Three UConn School of Social Work students were recently named fellows of the Leadership Education in Neurodevelopmental and Related Disabilities program.
The fellowships seek to improve the health of infants, children, and adolescents with disabilities, by preparing trainees from diverse professional disciplines to assume leadership roles in their respective fields and by ensuring high levels of interdisciplinary clinical competence.
“It is incredibly rewarding to mentor students to be ready to enter the field to work with individuals with disabilities who are prepared to provide evidence-based services in interdisciplinary teams, and in a culturally grounded framework,” says Cristina Wilson, associate professor at the School of Social Work, and a coordinator for the program. “These students are ready to change the world, and the program gives them the leadership skills to do just that.”
The Leadership Education in Neurodevelopmental and Related Disabilities program fellows for 2019-2020:
Elizabeth Jurczak, a former medical social worker and Ph.D. student, whose current research interests include health disparities, medical social work, and inter-professional collaboration. “As a fellow, I hope to learn more about inter-professional collaboration within the field of developmental disabilities,” says Jurczak.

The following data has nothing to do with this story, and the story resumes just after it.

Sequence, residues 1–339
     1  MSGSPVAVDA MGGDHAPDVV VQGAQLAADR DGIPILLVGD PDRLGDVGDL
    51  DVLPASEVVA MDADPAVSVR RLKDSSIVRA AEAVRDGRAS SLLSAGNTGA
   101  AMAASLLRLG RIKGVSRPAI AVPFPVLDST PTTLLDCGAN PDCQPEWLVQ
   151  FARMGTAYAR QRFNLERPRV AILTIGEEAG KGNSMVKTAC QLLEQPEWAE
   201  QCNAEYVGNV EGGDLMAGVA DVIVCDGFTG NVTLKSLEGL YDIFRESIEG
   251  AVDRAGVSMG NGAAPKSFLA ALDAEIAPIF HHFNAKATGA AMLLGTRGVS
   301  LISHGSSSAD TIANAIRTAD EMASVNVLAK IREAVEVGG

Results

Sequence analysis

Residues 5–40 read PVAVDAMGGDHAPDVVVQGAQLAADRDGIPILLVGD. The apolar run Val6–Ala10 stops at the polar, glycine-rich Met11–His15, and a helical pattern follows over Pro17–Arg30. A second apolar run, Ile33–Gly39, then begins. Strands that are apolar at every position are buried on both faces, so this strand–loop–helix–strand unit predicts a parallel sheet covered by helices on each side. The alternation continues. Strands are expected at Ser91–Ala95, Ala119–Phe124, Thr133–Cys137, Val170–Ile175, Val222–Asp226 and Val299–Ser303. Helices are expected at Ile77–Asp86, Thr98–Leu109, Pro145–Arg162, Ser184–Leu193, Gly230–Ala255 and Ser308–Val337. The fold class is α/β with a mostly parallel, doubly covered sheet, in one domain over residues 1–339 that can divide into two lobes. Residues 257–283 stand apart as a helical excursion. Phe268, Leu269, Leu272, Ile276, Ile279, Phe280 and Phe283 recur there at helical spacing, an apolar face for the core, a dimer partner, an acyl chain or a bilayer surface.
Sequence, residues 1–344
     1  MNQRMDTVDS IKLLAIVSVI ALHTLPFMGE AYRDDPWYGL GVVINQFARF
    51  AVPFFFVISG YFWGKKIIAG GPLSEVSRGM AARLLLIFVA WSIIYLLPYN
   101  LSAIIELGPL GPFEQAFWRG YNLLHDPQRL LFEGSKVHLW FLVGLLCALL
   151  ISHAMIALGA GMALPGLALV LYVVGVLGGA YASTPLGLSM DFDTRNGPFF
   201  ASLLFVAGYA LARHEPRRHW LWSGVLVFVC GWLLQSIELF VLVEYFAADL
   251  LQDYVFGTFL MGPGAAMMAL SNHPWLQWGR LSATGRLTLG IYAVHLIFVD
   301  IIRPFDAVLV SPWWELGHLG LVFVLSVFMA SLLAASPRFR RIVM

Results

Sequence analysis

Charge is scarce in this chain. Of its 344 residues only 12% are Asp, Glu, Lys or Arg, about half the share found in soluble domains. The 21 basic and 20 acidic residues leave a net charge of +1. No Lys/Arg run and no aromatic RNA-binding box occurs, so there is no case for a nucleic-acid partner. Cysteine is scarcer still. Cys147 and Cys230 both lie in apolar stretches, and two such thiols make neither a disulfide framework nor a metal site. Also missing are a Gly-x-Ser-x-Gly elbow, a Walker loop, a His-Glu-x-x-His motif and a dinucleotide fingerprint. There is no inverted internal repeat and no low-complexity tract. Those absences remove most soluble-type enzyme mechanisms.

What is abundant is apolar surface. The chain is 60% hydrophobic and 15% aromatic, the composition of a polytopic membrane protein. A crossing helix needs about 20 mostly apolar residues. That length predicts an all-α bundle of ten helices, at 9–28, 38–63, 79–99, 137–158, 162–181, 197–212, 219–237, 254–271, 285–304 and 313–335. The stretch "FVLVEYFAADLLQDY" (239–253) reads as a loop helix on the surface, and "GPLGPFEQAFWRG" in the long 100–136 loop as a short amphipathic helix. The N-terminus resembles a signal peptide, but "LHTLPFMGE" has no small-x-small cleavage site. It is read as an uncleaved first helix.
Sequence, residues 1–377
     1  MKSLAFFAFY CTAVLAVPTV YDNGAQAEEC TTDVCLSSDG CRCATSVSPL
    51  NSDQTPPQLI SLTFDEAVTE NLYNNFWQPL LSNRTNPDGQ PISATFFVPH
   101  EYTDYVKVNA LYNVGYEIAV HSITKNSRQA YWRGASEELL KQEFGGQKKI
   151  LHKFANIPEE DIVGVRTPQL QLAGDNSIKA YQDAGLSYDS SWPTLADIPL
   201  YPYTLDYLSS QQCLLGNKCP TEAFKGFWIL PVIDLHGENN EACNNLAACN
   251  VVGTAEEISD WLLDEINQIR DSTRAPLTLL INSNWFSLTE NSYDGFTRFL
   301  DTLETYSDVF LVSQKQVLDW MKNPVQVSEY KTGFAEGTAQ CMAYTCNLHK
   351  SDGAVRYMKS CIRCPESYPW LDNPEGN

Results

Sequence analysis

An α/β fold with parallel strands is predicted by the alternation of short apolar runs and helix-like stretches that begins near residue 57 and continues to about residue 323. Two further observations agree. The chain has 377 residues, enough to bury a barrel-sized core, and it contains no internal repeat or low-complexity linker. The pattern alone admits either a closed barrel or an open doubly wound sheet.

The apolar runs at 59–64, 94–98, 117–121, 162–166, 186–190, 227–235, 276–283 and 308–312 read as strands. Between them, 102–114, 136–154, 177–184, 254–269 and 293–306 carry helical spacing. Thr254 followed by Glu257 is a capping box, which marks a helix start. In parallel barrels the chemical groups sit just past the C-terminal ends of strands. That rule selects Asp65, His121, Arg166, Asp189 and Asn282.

Melanie Merritt, a second-year student in the school, will learn from the personal stories of families who have children with disabilities through weekly seminars, her field practicum, group and individual research projects, and online courses. “It is my hope that the program will help me to tap in to my personal and professional goals of gaining the skills that I would need to acquire in order to be a leader in my community and to provide competent services for the people who I will serve in my profession,” says Merritt.
Amani Shirley, a second-year student in the school is interested in policy, law and advocacy. “Through the program, I will gain more knowledge to better work with individuals with disabilities and become better equipped in the field of disabilities,” says Shirley.
The Leadership Education in Neurodevelopmental and Related Disabilities program is part of the University Center for Excellence in Developmental Disabilities, and directed by Mary Beth Bruder, professor of pediatrics in the Neag School of Education.
It is one of 52 programs across the country that focus on training future leaders from a wide variety of professional disciplines in order to improve the health care delivery system for children with autism and other neurodevelopmental disabilities.